In whatever way and to whatever extent we reflect upon our own lives during Lent we will undoubtedly find things there which we really do want to give up and turn away from. But so often, try as we might, we simply cannot do it. There are things that keep a hold on us, whether through their memories or their compulsions or even their attractiveness. It is at that point that discovering that God loves me, that God surrounds me with love, that God’s love will never let go of me is not only deeply satisfying but can be life transforming.

So David and Isaiah say to those who are thirsty – real satisfaction is on offer – the very best food and drink – a rich feast – and it is all free.

But how do I eat and drink to find that satisfaction? What does it mean?

Isaiah talks about listening to God. “Listen carefully” he says, “incline your ear”, listen so that “you may live”. David speaks about meditating on God. He is saying that he allows thoughts about God and what God has said to fill his mind when it is at rest. Again it is a careful listening.

And what do they listen to?  They listen to those promises of God’s steadfast covenant love with which the Bible is filled, from start to finish.

But we have more than words alone. Very shortly we will actually eat and drink together.  We will eat bread and drink wine. These also are symbols – symbols of God’s love for us evidenced and demonstrated by Jesus Christ. We are invited to eat and drink in remembrance that Christ died for us, and to feed on him in our hearts by faith with thanksgiving.

So through word and sacrament each of us can be shaped in our thinking and in our behaviour by that extraordinary fact that I am loved by God with an unconditional and forever love. It has been said that “nothing I do can make God love me more and nothing I do can make me God love me less”.

But coming back to our starting point, does this mean that as Christians we cannot address questions about evil and disaster? No, it does not. But it means that they are better addressed when we have begun to put ourselves in order. It is said that GK Chesterton once wrote to the Times newspaper in relation to an article entitled ‘What’s Wrong with the World’. His letter allegedly said “Dear Sir, Regarding your article ‘What’s wrong with the world’. I am. Yours sincerely G K Chesterton.” When we acknowledge that, we can begin to look outwards and to look at others. But we will do so differently.

My companion book for Lent has been the book recommended by the Archbishop of Canterbury. It is entitled Reconciliation and is by Dr Muthuraj Swamy. Like me, you may have an initial resistance to his use of the word ‘other’ as a verb. ‘To other’, or ‘othering’, may seem strange to our ears but I believe it can be a help to our thinking.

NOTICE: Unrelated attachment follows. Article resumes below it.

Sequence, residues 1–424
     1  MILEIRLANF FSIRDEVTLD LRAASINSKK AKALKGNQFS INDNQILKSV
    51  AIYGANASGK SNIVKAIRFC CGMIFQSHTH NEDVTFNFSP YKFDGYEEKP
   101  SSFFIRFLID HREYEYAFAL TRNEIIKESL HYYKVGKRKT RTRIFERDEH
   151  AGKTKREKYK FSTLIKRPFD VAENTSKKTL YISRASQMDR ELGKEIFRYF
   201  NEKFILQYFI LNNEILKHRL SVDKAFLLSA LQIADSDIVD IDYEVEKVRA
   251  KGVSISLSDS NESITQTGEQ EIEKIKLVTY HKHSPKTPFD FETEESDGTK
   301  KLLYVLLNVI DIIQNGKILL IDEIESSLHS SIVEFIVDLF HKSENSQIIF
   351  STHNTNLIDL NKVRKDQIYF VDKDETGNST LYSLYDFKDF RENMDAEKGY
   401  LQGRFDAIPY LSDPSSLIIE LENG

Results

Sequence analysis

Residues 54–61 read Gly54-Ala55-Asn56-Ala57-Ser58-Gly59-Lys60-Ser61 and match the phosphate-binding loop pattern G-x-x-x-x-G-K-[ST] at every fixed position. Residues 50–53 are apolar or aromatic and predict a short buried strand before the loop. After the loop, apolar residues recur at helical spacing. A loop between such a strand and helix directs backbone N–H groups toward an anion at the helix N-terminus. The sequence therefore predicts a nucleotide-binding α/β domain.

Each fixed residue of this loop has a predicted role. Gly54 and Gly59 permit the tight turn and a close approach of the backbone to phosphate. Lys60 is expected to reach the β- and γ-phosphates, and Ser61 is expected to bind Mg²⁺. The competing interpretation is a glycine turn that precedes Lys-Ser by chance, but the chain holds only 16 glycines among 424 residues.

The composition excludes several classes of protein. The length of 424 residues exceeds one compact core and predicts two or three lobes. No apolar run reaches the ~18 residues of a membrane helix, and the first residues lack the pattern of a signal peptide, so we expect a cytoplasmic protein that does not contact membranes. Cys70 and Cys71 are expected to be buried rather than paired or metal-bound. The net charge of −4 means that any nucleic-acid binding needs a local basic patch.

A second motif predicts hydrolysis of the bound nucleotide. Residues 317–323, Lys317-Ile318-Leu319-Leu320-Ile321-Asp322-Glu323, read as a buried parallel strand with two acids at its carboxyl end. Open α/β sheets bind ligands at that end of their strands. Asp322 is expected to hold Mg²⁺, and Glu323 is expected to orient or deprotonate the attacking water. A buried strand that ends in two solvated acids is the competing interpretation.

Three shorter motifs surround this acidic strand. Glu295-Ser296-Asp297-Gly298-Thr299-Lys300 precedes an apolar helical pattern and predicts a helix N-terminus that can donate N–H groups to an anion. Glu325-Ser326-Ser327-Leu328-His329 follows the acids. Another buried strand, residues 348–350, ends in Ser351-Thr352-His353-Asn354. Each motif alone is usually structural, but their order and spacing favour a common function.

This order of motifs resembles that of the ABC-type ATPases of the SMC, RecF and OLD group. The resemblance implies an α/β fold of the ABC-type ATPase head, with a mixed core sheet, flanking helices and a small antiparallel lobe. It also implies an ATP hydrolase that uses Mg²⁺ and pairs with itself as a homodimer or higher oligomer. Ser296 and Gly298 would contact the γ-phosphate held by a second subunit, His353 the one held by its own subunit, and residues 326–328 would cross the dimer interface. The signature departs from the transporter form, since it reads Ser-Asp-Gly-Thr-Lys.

He shows how from the garden of Eden onwards, humankind’s pattern of relationships has so often been that both individually, and together in our groups and tribes, we distance ourselves from the other or others. That is followed by blaming those others. That inevitably leads to division and conflict.

In contrast God comes to those who have distanced themselves from him and each other. God came and dwelt among us or “pitched his tent among us” as one translation puts it. Ultimately on the cross he gave up his own life so that we might be reconciled to him and to one another.

Now, as those who have been reconciled to God we are called to live in communities that reflect God’s ways rather than our ways. As God said through Isaiah “my ways and my thoughts are not your ways and your thoughts”.

So we are called, once we have discovered that reconciling and forever love of God, to begin to live out God’s ways in community. We begin within our Christian communities, our cathedrals and churches. We practice ways of relating to one another that are reconciling rather than othering. We do that in our own families, in our community gatherings and in our social life together. It is not easy. And we demonstrate that to the world that looks on. Wherever and whenever we can, we help the wider community to live that way also, constantly challenging its othering and blaming.

Whether we look at the world arena, the national stage this coming week, our local community, or our life together as a congregation – that is the call to us this Lent. The call is to ask the right questions, to seek the reconciliation that God offers, and having found that new way of living, we are to live it out day by day and hour by hour.



Share this sermon

Stay up to date with York Minster

  • Event alerts
  • Seasonal services
  • Behind the scenes features
  • Latest Minster-inspired gifts